MP/M 815, CCDOS of its variations and HDD formats ?

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Gary S

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Mar 14, 2022, 12:41:53 AMMar 14
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My memory is failing me a bit as I never really got too involved in the later stages of the various DR operating systems after they were sold on.
So my question is how backward compatible where they ?
I am thinking what were the issues of a cp/m80 programs accessing the hard/floppy disk, the various formats, layouts etc.

Gary
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Peter Higgins

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Mar 15, 2022, 4:51:20 PMMar 15
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Presumably you are referring to the "8-16" versions of Digital Research CP/M, MP/M, and Concurrent CP/M or Concurrent DOS. These "8-16" versions were not developed directly by DR - they were customized versions developed by a couple of computer manufacturers for use on their own hardware systems, most notably CompuPro. All CP/M-80 BIOS calls were managed by the customized 8-16 operating system (including those accessing the floppy and hard drives) therefore either CPM/80 or CPM/86 applications could both be handled seamlessly. The method of implementation changed as the operating systems evolved, using the BIOS and a customized CCP in early versions, and a shell environment created by a "SWITCH" application in later versions. Backwards compatibility was excellent, provided the CP/M-80 application did not attempt to directly access hardware.

Gary S

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Mar 15, 2022, 5:54:20 PMMar 15
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Thanks Peter,
Answered the basic for me, I just wondered how they managed the compatibility of hard disk formats etc between the different for os's.

such as max 8mb for cpm80 compared to msdos limits.

Presumably in the "switch" application it seems...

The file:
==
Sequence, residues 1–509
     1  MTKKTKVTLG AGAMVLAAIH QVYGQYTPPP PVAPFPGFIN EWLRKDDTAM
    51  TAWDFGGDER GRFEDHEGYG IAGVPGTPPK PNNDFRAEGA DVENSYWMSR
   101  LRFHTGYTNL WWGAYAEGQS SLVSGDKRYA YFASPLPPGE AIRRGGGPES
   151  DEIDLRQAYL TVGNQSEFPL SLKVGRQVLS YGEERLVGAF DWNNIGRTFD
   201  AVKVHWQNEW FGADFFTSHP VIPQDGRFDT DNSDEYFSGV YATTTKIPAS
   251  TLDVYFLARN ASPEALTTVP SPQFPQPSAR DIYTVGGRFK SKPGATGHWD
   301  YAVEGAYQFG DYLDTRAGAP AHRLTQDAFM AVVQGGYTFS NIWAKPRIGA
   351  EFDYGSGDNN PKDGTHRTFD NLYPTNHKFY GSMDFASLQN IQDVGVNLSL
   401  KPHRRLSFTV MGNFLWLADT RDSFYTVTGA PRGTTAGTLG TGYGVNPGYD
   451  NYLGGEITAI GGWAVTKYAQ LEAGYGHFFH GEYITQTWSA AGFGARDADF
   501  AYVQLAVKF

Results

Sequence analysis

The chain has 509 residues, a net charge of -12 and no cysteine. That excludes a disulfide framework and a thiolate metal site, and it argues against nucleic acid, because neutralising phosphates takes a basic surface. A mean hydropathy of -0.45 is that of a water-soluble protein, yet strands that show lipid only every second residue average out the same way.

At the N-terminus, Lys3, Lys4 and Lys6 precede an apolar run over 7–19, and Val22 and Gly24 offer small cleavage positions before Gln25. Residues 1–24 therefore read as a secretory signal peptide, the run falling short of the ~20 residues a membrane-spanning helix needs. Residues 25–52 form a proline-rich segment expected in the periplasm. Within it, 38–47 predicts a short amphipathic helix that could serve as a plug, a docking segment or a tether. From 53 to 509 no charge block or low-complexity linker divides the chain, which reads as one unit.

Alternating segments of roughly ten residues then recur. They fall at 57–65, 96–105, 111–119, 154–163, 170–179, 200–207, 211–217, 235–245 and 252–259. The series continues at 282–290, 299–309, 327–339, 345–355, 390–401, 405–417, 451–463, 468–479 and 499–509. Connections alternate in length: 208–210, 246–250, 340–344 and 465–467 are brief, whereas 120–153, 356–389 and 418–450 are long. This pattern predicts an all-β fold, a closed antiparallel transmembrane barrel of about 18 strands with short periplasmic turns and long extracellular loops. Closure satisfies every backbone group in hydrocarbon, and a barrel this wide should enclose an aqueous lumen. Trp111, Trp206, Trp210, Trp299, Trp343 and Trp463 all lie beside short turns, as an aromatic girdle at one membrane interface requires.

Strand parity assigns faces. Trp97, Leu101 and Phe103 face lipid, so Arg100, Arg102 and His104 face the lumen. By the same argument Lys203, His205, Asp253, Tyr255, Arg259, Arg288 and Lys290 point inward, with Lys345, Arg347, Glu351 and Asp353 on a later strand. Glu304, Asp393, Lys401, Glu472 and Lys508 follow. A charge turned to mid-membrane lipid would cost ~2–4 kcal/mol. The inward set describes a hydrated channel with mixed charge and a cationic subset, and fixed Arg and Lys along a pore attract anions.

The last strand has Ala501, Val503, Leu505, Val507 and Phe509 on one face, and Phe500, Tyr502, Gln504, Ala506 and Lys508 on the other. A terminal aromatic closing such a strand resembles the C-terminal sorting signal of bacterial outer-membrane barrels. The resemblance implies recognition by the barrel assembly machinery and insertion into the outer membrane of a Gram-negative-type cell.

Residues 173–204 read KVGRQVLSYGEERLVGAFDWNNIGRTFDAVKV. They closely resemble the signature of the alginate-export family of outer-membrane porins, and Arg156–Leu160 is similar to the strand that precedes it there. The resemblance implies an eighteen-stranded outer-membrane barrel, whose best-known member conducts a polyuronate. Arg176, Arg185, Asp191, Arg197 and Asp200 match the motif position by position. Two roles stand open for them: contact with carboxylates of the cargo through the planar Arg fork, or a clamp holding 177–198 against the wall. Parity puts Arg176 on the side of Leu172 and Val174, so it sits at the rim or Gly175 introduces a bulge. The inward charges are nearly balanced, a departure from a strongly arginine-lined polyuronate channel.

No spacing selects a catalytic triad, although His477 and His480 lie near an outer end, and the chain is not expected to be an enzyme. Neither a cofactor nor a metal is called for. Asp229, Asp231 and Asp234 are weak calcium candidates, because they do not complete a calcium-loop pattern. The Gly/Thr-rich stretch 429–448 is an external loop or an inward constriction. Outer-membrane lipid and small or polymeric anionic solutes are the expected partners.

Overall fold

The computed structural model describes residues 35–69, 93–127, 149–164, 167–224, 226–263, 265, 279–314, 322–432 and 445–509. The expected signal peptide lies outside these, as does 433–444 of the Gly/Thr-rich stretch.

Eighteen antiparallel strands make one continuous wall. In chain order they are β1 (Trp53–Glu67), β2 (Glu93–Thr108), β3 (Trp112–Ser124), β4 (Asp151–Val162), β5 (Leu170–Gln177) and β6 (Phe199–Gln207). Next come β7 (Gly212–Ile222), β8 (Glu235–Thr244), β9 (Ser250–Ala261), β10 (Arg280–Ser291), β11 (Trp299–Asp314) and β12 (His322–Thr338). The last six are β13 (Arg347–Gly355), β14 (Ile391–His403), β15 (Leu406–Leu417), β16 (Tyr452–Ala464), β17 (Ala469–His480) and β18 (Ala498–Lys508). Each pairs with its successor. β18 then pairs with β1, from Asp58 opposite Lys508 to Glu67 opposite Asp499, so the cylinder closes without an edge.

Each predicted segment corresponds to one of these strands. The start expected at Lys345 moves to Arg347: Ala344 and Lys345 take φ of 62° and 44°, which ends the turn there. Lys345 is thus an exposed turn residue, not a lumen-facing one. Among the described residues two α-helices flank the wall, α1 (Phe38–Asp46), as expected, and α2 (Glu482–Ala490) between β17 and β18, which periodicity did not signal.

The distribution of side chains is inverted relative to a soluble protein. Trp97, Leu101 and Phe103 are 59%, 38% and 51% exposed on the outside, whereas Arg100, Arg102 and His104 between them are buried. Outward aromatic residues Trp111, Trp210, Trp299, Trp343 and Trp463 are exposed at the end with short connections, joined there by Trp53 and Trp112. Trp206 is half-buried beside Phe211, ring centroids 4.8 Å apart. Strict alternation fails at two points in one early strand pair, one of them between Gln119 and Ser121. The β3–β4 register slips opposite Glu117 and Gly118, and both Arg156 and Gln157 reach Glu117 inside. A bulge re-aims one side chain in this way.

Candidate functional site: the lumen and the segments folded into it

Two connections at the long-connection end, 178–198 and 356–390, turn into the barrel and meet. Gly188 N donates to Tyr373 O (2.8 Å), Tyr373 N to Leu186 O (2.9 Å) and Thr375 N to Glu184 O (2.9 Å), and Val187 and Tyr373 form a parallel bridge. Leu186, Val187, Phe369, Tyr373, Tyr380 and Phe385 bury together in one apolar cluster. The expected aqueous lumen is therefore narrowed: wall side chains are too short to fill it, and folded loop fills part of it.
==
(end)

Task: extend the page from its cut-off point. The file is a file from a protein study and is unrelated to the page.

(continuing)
Douglas Miller

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Mar 15, 2022, 6:14:17 PMMar 15
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The hard disk formats you seem to refer to are filesystem, not track/sector, formats. Programs that made BDOS calls to access files did not need any special compatibility layer, unless they hard-coded redundant checks for the limits (e.g. instead of just letting the BDOS tell you when you exceed the file size limit they pre-emptively checked for that limit).

Douglas Miller

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Mar 15, 2022, 7:08:21 PMMar 15
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On Tuesday, March 15, 2022 at 5:14:17 PM UTC-5, Douglas Miller wrote:
> The hard disk formats you seem to refer to are filesystem, not track/sector, formats. Programs that made BDOS calls to access files did not need any special compatibility layer, unless they hard-coded redundant checks for the limits (e.g. instead of just letting the BDOS tell you when you exceed the file size limit they pre-emptively checked for that limit).

Well, except for possible differences between 16-bit and 8-bit FCBs, and the like.

Peter Higgins

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Mar 15, 2022, 8:24:36 PMMar 15
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Most of CompuPro's 8-16 systems used the CPM/86 and Concurrent CP/M86 file systems on both floppy disks and hard drives.
Only the final versions of CompuPro's Concurrent CP/M86 and Concurrent DOS used the MSDOS FAT file system.
The "SWITCH" application provided with the later 8-16 operating systems just needed to set up a virtual CP/M-80 environment, translating BDOS calls between it and the 8-16 operating system.
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